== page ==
ETIS report: TRAFFIC, as Chair of the MIKE-ETIS Working Group, presented the Elephant Trade Information System (ETIS) report (CoP14 Doc.53.2), noting that the ETIS database contains 12,378 seizure records from 82 countries and territories since 1989, totaling 322 tonnes of ivory. He said the analysis shows a decline in illicit ivory trade from 1999-2004, followed by a sharp increase since 2005, and identified the Democratic Republic of Congo (DRC), Thailand, Nigeria, Cameroon and China as countries of major concern. He also underscored that ETIS data does not support a correlation between changes to the listing of elephant populations in CITES appendices or the resumption of legal ivory trade, and an increase in poaching and illegal trade. Instead, he identified unregulated domestic ivory markets, organized crime, and poor governance as key drivers of illegal trade.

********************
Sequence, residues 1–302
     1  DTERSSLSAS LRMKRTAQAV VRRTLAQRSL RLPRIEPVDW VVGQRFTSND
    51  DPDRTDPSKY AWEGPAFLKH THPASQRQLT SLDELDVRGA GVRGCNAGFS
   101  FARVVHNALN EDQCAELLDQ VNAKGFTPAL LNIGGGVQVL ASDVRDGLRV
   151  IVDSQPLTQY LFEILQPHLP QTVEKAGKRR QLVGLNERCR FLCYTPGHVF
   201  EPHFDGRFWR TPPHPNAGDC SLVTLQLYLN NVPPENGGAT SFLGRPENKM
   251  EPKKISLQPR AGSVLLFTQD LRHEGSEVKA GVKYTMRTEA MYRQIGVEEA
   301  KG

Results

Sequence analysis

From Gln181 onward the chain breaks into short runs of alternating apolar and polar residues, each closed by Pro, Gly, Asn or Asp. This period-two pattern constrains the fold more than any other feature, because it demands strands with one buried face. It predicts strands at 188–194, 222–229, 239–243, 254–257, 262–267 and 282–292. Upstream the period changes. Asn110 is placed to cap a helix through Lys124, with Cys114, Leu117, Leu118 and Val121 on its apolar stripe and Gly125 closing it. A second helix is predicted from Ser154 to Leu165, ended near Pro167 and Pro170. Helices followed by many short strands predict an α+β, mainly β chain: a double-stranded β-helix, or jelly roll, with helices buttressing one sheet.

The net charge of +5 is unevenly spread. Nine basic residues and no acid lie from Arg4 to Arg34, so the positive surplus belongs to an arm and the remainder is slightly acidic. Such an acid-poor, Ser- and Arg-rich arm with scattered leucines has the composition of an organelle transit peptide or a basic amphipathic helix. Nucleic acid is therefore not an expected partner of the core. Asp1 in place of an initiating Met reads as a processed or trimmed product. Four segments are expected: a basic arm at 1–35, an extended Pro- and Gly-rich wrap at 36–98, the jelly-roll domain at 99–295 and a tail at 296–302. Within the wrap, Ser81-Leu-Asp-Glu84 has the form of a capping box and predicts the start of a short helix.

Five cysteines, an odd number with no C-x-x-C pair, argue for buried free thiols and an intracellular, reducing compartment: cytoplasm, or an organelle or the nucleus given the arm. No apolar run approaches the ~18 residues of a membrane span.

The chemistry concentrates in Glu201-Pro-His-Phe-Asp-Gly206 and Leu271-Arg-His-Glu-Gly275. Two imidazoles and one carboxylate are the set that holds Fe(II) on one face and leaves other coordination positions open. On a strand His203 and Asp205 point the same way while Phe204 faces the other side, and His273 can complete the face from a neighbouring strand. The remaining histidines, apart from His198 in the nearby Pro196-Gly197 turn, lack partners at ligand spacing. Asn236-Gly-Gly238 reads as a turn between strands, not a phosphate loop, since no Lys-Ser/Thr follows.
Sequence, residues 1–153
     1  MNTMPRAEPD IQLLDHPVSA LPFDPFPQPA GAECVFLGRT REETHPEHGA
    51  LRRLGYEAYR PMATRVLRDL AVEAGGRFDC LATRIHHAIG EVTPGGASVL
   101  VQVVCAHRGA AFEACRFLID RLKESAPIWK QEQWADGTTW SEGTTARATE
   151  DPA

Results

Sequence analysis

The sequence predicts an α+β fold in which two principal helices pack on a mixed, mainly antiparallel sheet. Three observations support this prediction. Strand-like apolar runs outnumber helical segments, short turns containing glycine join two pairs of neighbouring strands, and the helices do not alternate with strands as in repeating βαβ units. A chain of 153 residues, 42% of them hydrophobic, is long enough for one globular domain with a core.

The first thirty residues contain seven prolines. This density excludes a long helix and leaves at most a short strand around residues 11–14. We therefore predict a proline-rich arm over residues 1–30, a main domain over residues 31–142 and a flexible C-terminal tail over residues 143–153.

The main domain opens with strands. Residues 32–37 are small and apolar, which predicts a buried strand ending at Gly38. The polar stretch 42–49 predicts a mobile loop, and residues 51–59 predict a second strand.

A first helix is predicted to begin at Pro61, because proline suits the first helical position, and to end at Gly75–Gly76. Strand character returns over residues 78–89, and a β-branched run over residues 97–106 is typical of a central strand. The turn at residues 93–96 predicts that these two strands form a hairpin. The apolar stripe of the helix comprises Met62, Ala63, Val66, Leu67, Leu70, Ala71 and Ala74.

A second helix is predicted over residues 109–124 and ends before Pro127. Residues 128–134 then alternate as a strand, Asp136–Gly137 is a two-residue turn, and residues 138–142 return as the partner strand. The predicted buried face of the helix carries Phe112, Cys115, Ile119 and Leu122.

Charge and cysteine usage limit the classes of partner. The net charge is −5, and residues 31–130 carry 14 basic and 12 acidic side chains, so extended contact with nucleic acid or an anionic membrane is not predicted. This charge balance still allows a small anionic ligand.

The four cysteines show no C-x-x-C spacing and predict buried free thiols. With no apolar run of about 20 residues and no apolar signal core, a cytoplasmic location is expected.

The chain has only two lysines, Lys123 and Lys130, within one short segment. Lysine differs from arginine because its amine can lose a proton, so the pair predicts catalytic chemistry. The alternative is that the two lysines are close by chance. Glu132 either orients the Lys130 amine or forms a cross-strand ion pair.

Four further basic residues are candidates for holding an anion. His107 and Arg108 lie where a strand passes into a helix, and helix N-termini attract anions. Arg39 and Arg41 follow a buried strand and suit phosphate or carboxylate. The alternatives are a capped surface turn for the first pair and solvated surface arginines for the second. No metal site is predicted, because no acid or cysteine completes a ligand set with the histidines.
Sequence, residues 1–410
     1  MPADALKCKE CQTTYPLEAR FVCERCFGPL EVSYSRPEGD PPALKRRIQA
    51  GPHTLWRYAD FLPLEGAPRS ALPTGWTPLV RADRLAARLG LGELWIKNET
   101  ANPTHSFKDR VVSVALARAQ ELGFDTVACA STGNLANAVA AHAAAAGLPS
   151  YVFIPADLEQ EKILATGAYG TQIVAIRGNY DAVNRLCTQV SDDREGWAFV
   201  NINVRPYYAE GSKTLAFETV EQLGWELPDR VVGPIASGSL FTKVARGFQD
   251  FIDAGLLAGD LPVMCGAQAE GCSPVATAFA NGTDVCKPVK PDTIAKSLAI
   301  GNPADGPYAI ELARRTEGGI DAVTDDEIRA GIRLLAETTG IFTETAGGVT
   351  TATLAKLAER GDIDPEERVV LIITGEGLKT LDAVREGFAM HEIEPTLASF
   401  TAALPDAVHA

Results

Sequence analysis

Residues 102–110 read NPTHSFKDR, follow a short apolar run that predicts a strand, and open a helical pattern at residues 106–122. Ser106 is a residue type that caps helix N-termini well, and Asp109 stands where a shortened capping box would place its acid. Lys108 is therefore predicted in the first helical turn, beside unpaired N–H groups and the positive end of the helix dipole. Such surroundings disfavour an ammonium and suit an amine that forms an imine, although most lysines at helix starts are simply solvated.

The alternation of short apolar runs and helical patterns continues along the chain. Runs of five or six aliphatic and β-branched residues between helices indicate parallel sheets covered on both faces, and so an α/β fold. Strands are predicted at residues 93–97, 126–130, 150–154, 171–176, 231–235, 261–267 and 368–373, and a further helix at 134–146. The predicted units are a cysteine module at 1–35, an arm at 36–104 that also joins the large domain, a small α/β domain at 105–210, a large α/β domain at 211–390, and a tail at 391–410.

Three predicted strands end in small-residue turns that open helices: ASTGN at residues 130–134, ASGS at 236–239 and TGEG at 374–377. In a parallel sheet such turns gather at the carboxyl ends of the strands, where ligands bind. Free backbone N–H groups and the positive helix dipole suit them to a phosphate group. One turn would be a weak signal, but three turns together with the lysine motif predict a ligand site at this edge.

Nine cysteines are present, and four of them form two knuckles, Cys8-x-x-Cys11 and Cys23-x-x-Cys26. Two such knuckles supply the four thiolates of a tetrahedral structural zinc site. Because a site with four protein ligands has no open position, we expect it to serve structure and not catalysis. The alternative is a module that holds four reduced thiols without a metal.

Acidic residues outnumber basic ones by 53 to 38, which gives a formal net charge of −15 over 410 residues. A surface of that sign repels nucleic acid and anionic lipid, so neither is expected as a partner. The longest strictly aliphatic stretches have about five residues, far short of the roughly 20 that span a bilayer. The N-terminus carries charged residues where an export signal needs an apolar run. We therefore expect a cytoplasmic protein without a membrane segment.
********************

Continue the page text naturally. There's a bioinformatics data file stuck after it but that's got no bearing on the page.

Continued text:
CHINA stated that information in the ETIS report relating to its national legislation and trade controls is misleading and does not concur with the Secretariat’s assessment following its mission to China. He expressed concern that not designating China as a trade partner in the one-off ivory sale would lead to a reemergence of illegal trade. NIGERIA and DRC reported on improvements in national legislation and enforcement to address illegal wildlife trade. ZAMBIA and BOTSWANA supported the ETIS findings.

Listing proposals: Chair Leach noted that, as the African Elephant Range States Dialogue did not achieve consensus, in accordance with the Rules of Procedure, listing proposals would be considered starting with those least restrictive for trade.